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Maplesville fit for this Queen

Maplesville resident Queen Morrow recalls a quote from a former Chilton County commissioner. When Wayne Cleckler would travel to Maplesville, he would say, “I’m glad I’m coming to God’s country.”

Morrow couldn’t have said it any better herself. She loves Maplesville and always will.

“It’s just a peaceful little town where we all get along,” she said, insisting the only time she’d ever leave town would be to travel temporarily. “It’s a great place to come home to.”

Lucky for her, she gets to come home to Maplesville every single day commuting home from her job as vice principal of Dallas County High School in Plantersville. Born in Selma at the only nearby hospital that treated African American patients, Morrow’s parents, James and Ernestine Agee quickly scurried home to her new hometown with their newborn after the delivery.

She’s married to Melvin Morrow, who works for the William Energy Company in Billingsley. Her son, JaMelv Morrow, 24, works as a radiology tech in Montgomery and as a dispatch operator for 911 calls. He also currently works for the Maplesville Fire and Rescue Department, for which his mother also serves as the secretary and treasurer.

She has enjoyed her three years so far working at Dallas County High School, her latest stop on a long list of administrative duties following an ongoing education.

It’d be a tough task to pinpoint a time in Morrow’s life when she wasn’t commuting between Maplesville and another destination. She recently completed her doctorate in education and organizational leadership at Nova Southeastern University in Birmingham, to which she commuted every weekend for three years to complete it. Morrow began her college career at Wallace Community College in Selma in pursuit of a business degree before finishing her bachelor’s in education at Auburn University in Montgomery. She also received her master’s in education at AUM and her administration certification at the University of Montevallo.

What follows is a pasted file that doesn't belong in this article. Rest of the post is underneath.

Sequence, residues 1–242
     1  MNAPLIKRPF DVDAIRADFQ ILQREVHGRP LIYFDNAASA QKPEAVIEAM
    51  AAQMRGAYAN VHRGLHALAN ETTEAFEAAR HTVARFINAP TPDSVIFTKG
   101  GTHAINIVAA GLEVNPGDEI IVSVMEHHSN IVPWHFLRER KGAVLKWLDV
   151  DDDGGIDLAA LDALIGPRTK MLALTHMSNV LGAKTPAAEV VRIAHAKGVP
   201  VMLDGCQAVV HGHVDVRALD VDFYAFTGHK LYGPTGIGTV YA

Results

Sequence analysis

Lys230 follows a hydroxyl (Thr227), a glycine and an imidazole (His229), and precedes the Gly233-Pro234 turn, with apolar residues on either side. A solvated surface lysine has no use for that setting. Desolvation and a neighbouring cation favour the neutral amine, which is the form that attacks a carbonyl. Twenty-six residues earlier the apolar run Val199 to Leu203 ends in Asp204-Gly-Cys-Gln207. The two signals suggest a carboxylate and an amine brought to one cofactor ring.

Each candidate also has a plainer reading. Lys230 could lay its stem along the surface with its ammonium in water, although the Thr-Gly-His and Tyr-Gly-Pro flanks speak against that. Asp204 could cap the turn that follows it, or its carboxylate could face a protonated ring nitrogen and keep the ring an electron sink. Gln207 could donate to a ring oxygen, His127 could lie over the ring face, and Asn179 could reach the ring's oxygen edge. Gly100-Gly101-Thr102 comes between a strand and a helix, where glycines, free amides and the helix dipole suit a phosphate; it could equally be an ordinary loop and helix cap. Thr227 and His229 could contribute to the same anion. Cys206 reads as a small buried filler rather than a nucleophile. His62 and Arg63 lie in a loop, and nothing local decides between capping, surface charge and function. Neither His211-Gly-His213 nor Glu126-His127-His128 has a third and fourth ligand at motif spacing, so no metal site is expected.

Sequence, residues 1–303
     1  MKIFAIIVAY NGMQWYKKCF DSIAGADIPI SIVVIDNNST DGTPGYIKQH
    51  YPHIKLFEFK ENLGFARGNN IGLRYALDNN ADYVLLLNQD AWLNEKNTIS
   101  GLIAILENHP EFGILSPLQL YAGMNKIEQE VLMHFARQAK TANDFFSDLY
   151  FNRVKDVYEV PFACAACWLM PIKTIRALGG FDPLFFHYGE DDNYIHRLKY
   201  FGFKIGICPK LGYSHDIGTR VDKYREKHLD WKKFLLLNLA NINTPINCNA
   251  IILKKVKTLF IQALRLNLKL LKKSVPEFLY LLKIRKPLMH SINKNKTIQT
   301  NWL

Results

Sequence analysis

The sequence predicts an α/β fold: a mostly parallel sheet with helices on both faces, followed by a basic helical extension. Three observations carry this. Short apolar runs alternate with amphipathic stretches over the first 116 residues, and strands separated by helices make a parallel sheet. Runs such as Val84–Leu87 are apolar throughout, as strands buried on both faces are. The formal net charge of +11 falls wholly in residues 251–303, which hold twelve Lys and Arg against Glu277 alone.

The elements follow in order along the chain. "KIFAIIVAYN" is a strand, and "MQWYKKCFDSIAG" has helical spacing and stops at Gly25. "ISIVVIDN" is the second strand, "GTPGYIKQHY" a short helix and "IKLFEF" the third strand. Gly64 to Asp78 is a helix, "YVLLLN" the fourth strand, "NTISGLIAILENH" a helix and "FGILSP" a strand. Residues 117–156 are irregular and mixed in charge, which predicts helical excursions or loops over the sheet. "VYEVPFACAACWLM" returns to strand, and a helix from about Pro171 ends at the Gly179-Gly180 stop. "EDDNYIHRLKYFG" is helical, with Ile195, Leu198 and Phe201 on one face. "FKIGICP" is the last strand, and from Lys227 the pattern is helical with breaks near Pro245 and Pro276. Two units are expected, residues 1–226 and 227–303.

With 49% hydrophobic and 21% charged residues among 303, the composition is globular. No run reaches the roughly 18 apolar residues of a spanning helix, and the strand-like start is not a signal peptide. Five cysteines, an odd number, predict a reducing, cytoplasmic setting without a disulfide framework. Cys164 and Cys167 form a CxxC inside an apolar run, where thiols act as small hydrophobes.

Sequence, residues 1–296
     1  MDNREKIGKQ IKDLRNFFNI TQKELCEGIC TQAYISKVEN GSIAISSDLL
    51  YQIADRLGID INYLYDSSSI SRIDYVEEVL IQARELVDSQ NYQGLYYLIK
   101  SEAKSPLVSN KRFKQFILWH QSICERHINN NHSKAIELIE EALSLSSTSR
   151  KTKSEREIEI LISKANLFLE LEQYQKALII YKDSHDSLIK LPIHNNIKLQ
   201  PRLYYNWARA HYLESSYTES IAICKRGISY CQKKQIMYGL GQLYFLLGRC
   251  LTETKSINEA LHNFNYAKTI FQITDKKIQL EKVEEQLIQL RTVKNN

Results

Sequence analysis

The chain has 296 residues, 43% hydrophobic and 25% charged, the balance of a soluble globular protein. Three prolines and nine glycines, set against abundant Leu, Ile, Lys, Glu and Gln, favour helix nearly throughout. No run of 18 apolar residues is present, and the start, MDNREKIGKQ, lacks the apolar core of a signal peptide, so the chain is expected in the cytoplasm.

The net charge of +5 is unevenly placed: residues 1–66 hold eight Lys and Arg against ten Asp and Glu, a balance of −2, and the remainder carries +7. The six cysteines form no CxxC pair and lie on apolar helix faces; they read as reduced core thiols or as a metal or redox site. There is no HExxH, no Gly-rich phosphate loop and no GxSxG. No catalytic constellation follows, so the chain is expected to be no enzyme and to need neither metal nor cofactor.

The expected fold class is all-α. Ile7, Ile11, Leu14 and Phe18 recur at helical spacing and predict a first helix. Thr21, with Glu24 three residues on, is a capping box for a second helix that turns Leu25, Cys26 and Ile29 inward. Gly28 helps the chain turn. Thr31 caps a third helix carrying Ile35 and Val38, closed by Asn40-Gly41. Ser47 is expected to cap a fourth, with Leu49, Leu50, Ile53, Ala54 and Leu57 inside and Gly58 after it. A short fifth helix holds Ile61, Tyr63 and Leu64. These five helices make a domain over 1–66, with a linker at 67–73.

Prior to filling the role at DCHS, Morrow served as assistant principal for Bibb County High School where she traveled several times with professional education groups.

“I’ve traveled extensively with schools and jobs,” she said. “But there’s a lot to be said for the small town camaraderie of Maplesville. You have freedom, security and safety.”

Morrow was the first black person to serve as a town council member in Maplesville. She first served under former Mayor Billy Dennis, who recruited her to run for the office. She would continue under George Smith, Tim Mims and W.C. Hayes, as she served as a member for 18 years.

“I learned a lot about city government and politics,” Morrow said. “I enjoyed having a say, having input in city government and helping the town to improve.”

She also chaired the committee to plan Hee-Haw Day, which later evolved into the Maplesville Spring Festival.

Never unwilling to share her administrative abilities, Morrow loans them to her church, Pilgrim Rest Baptists Church, as its clerk. She also serves as youth usher director and assists with other youth activities. She’s previously been a member of the Chilton County Chamber of Commerce and the president of the 11th Area of Alabama Community Action Agency for eight years.

Staying as active as she possibly can, Morrow only hopes children see her as a role model who tries to influence them on the importance of community service.

“Children coming along need to see that being a part of a group, being a viable part and not just a silent partner, takes people who are willing to serve,” she said. “It takes those to help keep the town active and growing. You should care about where you live and want to do the best you can to make it the best place in Alabama.”